Implied volatility, as measured by the Cboe® Volatility Index (the VIX®), averaged 13.93 in July. Consistent with its typical relationship, average implied volatility exceeded realized volatility, as measured by the standard deviation of daily returns for the S&P 500® Index, which was 8.03% for the month. The VIX® ended June at 13.59, reached an intra-month high of 15.44 on July 6, then drifted to an intra-month low of 13.19 on July 26. The VIX® closed the month at 13.63.
The Volatility Risk Premium (VRP) is the difference between the average closing price of the VIX®, or implied volatility, and the realized volatility for the S&P 500® Index. July’s 5.90 percentage-point spread between the two statistics was well-above the 4.1% historical average and was the second highest reading for 2023.
Through July, the VRP has exceeded its historical average during more than half of the year, averaging 4.53%. This is a clear shift higher when compared to 2022, during which the VRP averaged just 1.79%. The narrowing of the VRP in 2022 was driven by significantly elevated realized volatility as equity markets entered bear market territory and faced several headwinds. Investors witnessed realized volatility levels that had not been seen since the onset of the pandemic in 2020 which caused the VRP to invert multiple times. So far this year, at its narrowest (and positive) point, VRP was 3.25% in June. This compares to a positive low of 2.17% in 2022.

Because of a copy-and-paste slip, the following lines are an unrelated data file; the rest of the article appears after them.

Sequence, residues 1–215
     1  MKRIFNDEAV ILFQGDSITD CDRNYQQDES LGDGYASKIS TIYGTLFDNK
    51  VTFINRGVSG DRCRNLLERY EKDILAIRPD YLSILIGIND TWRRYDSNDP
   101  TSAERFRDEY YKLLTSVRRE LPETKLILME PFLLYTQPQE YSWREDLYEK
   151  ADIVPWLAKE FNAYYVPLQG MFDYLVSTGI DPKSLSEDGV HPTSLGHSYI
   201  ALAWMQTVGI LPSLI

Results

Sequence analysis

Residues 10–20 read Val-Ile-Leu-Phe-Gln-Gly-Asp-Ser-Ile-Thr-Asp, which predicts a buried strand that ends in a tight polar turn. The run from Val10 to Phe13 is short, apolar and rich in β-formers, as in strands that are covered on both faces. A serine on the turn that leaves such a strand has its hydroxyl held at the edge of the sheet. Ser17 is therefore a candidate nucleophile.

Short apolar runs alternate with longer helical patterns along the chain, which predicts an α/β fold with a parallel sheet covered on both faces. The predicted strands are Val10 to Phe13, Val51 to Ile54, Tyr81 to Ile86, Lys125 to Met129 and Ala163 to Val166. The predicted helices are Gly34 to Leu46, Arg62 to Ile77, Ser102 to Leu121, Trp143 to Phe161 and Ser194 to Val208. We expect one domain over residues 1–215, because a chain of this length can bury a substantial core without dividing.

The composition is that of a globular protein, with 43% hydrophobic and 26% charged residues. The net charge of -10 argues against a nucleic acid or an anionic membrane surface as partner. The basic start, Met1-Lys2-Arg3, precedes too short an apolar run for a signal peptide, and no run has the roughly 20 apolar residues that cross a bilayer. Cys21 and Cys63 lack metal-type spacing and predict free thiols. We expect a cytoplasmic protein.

VRP is frequently positive and often above its long-term average. Since the inception of the VIX® in January 1990, the VRP has been positive in nearly 89% of months and above the long-term average more than half of the time. Strategies that sell (write) index options, such as those managed by Gateway, can provide a potential source of improved risk-adjusted return by monetizing this consistent overpricing implied volatility.
Past performance does not guarantee future results. Source: Bloomberg, L.P.